The Future is Now, Let’s Get Started

It’s a reflec­tive time here at the Non­vi­o­lence Web. The ini­tial vision of our work has pret­ty much exhaust­ed itself in the four years we’ve been online. In inter­net time, that’s equiv­a­lent to twen­ty years so we’re pret­ty happy.

The Non­vi­o­lence Web grew out of down­turn in activist pub­lish­ing in the ear­ly 1990s. A lot of peace groups were very drained, emo­tion­al­ly and finan­cial­ly, by the after­math of the Gulf War and were lay­ing off staff. Small book and mag­a­zine pub­lish­ers were also being pres­sured by rapidly-declining read­er­ship lev­els and increas­ing pro­duc­tion costs. Although no one might have guessed it at the time, in ret­ro­spect it became clear that the 1980s were a gold­en age for small pub­lish­ing and activist organizing.

But by the mid-90s the sit­u­a­tion had changed. The demo­graph­ic group that had bought so many books were now hav­ing babies and in gen­er­al read­ing more books on spir­i­tu­al­i­ty and child-rearing. The books pub­lished didn’t appeal to the next gen­er­a­tion — which was demo­graph­i­cal­ly small­er — any­way and the result was that the audi­ence for activist pub­li­ca­tions was shrink­ing fast.

By the mid-1990s it was time to rethink the project of rad­i­cal pub­lish­ing. Luck­i­ly, the Web came along at that point. Just as print­ing press­es opened the way to a flur­ry of polit­i­cal and reli­gious tracts in mid-Seventeenth Cen­tu­ry Europe, the web made pos­si­ble a new form of pub­lish­ing. The Non­vi­o­lence Web began in 1995 to be a part of that work.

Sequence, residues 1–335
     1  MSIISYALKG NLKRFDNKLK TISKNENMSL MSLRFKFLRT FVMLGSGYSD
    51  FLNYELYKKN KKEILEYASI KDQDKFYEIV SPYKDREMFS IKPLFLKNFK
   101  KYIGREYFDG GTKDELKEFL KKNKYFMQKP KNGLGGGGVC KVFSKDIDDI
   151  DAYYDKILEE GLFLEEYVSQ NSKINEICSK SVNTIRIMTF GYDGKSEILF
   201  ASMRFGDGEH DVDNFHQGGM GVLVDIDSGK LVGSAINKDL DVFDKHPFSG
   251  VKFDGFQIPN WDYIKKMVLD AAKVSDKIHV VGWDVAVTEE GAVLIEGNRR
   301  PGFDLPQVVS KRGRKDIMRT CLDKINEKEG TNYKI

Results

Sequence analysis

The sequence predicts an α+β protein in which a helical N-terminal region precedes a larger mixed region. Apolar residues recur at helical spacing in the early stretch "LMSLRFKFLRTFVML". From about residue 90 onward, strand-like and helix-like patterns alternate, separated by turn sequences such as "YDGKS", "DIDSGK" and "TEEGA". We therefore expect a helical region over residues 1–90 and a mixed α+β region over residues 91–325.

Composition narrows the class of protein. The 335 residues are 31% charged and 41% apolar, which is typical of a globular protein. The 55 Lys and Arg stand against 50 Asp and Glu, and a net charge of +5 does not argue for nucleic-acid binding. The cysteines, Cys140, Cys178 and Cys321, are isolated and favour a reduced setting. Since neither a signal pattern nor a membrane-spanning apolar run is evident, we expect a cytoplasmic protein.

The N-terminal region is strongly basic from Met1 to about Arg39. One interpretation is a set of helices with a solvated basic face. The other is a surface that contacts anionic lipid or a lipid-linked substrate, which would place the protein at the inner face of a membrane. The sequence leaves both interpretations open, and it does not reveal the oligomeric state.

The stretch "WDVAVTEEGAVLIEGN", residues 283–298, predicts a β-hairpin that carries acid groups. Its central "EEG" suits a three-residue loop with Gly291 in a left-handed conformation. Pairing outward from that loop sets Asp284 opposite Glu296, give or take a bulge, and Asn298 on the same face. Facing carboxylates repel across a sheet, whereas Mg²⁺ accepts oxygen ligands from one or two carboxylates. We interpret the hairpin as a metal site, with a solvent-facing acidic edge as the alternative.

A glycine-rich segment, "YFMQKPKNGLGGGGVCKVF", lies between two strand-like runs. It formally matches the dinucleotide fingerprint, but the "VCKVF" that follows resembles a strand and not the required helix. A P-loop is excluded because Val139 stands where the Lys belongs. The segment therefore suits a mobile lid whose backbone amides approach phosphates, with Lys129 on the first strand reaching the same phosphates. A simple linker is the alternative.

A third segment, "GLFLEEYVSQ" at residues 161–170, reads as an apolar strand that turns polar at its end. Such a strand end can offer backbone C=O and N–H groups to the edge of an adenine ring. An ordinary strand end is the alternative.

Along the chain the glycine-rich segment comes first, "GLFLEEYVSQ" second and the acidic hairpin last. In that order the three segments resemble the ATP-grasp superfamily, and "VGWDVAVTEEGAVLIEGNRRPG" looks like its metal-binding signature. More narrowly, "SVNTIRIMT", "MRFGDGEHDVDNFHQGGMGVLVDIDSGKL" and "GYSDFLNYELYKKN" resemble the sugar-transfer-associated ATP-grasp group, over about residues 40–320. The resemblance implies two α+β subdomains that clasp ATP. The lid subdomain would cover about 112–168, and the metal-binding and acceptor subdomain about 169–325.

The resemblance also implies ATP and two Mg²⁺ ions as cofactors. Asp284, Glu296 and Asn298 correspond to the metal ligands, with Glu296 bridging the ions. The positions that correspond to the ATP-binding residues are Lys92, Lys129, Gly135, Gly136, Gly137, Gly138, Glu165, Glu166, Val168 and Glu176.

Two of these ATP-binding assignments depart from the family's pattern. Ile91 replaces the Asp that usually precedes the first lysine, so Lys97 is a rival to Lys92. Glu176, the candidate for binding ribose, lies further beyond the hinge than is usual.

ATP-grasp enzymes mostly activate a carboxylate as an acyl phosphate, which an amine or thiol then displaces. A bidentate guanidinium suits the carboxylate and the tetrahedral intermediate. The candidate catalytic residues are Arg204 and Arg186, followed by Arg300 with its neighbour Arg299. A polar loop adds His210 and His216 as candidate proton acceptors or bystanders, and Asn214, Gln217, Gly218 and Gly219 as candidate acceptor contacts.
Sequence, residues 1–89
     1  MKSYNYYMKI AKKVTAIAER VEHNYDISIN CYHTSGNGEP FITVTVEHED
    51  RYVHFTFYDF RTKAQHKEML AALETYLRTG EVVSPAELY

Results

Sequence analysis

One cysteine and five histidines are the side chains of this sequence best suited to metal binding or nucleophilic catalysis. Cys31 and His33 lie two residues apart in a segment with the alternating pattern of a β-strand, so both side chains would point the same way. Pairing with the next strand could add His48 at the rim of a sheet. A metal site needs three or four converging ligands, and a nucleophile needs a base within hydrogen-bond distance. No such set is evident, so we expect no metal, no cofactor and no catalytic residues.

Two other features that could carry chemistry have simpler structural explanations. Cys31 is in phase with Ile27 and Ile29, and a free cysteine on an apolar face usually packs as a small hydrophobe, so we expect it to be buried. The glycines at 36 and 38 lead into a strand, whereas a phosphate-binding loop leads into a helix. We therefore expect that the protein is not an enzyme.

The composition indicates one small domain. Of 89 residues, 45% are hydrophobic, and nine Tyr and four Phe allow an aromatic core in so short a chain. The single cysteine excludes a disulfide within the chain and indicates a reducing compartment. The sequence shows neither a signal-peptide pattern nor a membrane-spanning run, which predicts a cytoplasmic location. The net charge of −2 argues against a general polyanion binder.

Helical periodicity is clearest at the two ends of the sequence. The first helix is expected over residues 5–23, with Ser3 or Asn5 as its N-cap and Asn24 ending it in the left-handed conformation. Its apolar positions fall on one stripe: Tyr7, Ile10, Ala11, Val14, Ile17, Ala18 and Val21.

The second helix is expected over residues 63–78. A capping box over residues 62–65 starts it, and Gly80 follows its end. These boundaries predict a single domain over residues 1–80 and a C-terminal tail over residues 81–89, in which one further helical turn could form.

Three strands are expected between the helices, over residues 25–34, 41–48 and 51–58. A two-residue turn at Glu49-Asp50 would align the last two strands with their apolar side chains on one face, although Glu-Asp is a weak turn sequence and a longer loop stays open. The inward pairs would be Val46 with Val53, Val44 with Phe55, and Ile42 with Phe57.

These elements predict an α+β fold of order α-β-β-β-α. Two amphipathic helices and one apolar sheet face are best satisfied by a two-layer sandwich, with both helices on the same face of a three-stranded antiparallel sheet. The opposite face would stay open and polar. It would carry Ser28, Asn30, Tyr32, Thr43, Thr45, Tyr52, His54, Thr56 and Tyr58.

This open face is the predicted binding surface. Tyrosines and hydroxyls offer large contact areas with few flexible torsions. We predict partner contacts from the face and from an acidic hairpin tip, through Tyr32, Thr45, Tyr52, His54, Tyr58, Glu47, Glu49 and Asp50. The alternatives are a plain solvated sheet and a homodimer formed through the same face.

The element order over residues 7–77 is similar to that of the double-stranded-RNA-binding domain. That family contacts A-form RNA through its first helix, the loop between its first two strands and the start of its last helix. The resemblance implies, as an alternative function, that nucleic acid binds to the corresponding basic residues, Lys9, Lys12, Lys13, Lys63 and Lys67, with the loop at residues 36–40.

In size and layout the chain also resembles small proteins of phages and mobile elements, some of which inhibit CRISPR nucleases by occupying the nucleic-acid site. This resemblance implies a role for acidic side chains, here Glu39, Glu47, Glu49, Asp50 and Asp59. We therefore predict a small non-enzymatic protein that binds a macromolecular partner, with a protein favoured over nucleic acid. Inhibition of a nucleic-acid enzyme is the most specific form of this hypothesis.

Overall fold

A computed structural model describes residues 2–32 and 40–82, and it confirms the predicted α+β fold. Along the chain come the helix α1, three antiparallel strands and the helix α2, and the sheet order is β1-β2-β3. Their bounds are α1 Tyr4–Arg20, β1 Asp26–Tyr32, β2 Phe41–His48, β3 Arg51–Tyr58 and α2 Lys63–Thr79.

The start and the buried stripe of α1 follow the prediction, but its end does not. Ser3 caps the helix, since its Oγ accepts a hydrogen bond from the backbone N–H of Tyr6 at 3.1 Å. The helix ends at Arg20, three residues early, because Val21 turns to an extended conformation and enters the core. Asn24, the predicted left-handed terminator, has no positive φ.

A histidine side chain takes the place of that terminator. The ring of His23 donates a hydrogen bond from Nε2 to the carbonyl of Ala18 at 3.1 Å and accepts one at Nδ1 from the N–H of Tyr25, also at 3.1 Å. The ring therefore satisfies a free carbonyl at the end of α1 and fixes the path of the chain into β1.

Now that first flur­ry is over. In the U.S. at least, even the local piz­za joint has a web­site and the impor­tance of inter­net orga­niz­ing is undis­put­ed. The web has become a mass-phenomenon and new users con­tin­ue to dou­ble it’s size every year. But I’m not sure most activists have real­ly fig­ured out how to use it. I’m not sure we have rein­vent­ed pub­lish­ing. I think most of what we’ve done is tak­en the old forms and repli­cat­ed them online. For exam­ple, dur­ing the recent U.S. bomb­ing cam­paign in the Balka­ns, most Non­vi­o­lence Web mem­ber groups — major U.S. peace groups — put up extreme­ly pre­dictable and bor­ing press releas­es (see my May 1999 essay, The Real Phan­tom Men­ace is Us).

Why haven’t we rein­vent­ed the form? Where is this work going in the next five, ten, twen­ty years?

The inter­net and pub­lish­ing world is abuzz with the promise of the so-called New Media, web­site and orga­ni­za­tions which cre­ate focal points for audi­ences and are pio­neer­ing the pos­si­bil­i­ties of the inter­net. The Non­vi­o­lence Web is one of the few activist New Media projects and with our recent deci­sion to stop our free web­mas­ter­ing for oth­er orga­ni­za­tion we’re plung­ing even deep­er into the world of online organizing!

Over the next few months, the Non­vi­o­lence Web will embark on a project where we’ll intro­duce you to some of the pio­neers of New Media. But we’ll do more. We want to blow open the con­cept of what a peace group does and how we do it. We’ll be talk­ing with inter­est­ing peo­ple doing art, satire, local orga­niz­ing and think­ing. We look at the future of the inter­net, of the future of the peace move­ment, and of emerg­ing oppor­tu­ni­ties like online video.